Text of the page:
control scheme for ac motor drives with FOC [Bla 72]. In this figure, interactions

between the different modules are neglected. However, they are considered by

decoupling within subsequent paragraphs. The control of induction motors and

synchronous machines is handled simultaneously. As will be shown, their electrical

and mechanical behavior is very similar.

The goal of FOC is to maintain the amplitude of the rotor flux linkage Ψr at a fixed

value, except for field-weakening operation or flux optimization, and only modify a

torque-producing current component in order to control the torque of the ac

machine. Considering a complete decoupling of torque and flux, a linear relation

between torque Tel and torque producing current iq is achieved and the torque in the

ac machine can be expressed as [Vas 97]:

Tel = c Ψr iq (2.1)

controlling the q-axis current. In speed control mode, the torque reference Tel* is

calculated by a speed controller. As shown later, the rotor flux can be controlled

directly by controlling the d-axis current.

Power

supply

Udc

ω * Tel* iq* *

uq

Park-1 T.

iq* = f(Tel*) *

uα u*a

PWM

d,q Inverter

ω Speed Current iq - control

*

ub

* * SVM

control mapping ud uβ u*c

Ψ*r id* α,β PWM

id* = f(Ψ*r) generation

γ

Flux Current id - control

reference mapping

iq iα ia

d,q α,β

id iβ ib

α,β a,b,c

Digital control

system Park T. 3⇒2

ac

load

motor

Motor currents are measured in two phases. These measurements feed the ‘3 ⇒ 2-

transformation’ module. The outputs of this projection are designated iα and iβ.

These two current components are the inputs of the Park transformation giving the

current in the d/q rotating reference frame. The current components id, iq are

compared to the reference currents id* and iq* controlling flux and torque generation,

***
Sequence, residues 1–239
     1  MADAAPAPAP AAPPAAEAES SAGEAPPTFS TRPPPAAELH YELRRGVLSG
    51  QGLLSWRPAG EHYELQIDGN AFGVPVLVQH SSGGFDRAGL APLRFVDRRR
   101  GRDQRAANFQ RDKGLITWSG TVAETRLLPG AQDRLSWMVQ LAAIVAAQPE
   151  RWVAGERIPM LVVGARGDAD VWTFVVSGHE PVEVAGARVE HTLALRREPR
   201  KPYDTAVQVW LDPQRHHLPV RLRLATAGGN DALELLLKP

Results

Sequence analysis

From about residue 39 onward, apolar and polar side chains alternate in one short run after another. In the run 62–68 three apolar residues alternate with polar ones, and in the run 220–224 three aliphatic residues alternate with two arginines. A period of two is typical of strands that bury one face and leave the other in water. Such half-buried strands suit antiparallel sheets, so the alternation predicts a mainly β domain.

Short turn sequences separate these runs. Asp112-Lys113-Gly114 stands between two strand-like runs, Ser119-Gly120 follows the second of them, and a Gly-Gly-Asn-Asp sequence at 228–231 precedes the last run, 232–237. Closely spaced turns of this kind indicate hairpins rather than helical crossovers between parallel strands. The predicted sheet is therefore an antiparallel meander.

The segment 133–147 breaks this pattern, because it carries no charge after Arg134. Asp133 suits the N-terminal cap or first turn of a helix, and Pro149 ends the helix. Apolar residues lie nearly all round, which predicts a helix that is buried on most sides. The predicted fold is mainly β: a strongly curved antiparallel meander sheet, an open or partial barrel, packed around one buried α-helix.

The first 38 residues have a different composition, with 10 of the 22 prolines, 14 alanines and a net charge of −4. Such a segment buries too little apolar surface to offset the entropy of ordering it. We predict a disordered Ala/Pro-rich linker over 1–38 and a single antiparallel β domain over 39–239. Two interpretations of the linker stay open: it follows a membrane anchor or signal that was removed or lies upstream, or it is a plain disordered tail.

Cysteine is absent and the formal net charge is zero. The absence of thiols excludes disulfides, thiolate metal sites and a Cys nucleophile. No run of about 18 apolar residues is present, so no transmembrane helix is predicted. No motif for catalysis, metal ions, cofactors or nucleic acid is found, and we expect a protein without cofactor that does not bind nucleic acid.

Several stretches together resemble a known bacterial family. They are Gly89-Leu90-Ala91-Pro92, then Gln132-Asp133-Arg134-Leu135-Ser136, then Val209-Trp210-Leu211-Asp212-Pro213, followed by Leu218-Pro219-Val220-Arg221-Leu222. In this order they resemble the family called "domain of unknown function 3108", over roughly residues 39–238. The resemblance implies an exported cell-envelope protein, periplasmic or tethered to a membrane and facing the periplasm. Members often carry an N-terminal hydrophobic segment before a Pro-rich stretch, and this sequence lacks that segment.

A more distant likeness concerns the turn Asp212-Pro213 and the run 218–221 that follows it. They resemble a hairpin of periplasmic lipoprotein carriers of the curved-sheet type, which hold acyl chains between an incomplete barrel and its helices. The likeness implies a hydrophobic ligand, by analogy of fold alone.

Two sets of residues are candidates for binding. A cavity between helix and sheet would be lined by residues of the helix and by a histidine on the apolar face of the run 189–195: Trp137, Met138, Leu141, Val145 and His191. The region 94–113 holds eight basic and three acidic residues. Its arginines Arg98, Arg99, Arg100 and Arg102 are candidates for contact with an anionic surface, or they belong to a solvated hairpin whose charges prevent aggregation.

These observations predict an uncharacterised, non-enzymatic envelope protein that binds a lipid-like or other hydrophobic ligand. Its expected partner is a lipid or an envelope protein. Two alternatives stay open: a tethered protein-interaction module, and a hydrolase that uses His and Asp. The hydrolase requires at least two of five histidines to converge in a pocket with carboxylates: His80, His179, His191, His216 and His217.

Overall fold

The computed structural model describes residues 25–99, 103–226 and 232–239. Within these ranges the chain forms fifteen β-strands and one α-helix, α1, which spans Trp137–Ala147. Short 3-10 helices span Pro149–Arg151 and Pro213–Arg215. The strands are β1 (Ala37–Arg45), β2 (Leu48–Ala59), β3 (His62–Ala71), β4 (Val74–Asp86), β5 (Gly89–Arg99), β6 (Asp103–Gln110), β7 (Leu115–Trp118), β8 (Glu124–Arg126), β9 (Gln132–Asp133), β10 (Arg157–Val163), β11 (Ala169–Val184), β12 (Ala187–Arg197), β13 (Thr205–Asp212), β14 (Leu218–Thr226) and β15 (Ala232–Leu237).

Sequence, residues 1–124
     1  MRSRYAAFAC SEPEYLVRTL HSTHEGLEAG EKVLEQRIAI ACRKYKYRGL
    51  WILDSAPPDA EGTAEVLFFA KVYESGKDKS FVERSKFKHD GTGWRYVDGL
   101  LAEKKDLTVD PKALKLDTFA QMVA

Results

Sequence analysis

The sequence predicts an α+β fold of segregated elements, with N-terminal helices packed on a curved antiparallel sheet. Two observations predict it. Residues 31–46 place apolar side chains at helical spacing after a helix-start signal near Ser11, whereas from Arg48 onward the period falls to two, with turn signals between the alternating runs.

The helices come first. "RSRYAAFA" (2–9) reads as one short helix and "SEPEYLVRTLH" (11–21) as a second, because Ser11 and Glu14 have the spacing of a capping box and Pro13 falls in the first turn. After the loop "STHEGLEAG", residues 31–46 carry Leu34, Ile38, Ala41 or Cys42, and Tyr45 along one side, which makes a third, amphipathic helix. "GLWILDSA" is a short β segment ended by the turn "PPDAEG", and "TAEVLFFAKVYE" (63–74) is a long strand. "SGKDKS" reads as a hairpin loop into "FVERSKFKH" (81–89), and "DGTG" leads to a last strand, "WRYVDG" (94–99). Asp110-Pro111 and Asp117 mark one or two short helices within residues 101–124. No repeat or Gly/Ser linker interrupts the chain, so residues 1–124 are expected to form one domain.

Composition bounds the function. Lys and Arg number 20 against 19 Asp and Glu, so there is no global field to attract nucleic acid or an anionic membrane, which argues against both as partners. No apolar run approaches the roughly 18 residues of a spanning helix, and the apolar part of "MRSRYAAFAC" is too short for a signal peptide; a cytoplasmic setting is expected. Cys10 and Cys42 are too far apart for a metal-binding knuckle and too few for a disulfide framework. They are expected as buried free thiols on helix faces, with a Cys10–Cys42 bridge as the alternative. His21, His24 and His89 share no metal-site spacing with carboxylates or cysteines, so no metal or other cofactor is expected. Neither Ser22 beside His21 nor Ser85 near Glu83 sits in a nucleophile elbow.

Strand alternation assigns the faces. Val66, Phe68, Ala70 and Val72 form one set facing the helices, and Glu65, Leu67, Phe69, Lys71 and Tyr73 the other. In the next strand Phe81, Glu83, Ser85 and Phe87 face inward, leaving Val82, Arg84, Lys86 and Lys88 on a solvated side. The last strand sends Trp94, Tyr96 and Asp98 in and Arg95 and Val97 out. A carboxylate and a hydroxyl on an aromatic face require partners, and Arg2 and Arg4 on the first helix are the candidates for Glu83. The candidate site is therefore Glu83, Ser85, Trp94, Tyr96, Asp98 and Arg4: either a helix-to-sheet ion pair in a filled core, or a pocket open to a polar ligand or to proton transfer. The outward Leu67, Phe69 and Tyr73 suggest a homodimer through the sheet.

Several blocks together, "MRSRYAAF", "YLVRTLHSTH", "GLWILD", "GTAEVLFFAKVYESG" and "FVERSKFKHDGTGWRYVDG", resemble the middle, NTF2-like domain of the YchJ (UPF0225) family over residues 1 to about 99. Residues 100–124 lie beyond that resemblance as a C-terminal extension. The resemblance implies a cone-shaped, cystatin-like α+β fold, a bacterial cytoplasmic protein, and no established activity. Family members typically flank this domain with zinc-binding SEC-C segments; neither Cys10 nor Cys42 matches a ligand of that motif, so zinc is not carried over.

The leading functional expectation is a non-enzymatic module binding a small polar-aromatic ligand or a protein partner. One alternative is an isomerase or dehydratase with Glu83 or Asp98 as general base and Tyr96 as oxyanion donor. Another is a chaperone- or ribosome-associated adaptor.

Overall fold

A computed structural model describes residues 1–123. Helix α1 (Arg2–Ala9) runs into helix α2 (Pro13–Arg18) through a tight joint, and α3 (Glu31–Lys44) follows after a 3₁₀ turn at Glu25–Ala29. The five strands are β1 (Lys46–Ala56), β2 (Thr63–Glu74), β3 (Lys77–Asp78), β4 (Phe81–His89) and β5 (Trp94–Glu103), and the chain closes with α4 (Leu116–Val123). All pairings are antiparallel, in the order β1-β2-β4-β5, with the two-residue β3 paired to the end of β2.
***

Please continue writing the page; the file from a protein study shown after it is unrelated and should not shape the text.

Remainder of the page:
respectively.

Field Oriented Control 43

At this point, this control structure shows an interesting advantage: it can be used to

control either synchronous or induction machines by simply changing the flux

reference and the method of obtaining rotor flux position. As the rotor flux, fixed to

the absolute rotor position due to characterizing poles, of synchronous permanent

magnet motors is generated by the magnets or by separately exited windings in the

case of synchronous machines, there is no need to create one via the stator current.

Hence, when controlling synchronous machines, id* can be set to zero. Advanced

control schemes may exploit additionally the reluctance torque, if available.

As induction motors need a rotor flux creation in order to operate, the flux reference

Ψ*r must not be zero. The FOC conveniently solves one of the major drawbacks of

the “classic” control structures: the portability from induction to synchronous motor

drives. In speed control mode, the torque command T*e l is the output of the speed

controller mapped into a current reference iq*. The current controllers calculates the

voltages ud* and uq* in the d/q reference frame; they are applied to the inverse Park

transformation. The outputs of this projection are uα* and uβ*, being the components

of the stator voltage in the α/β stationary orthogonal reference frame and used as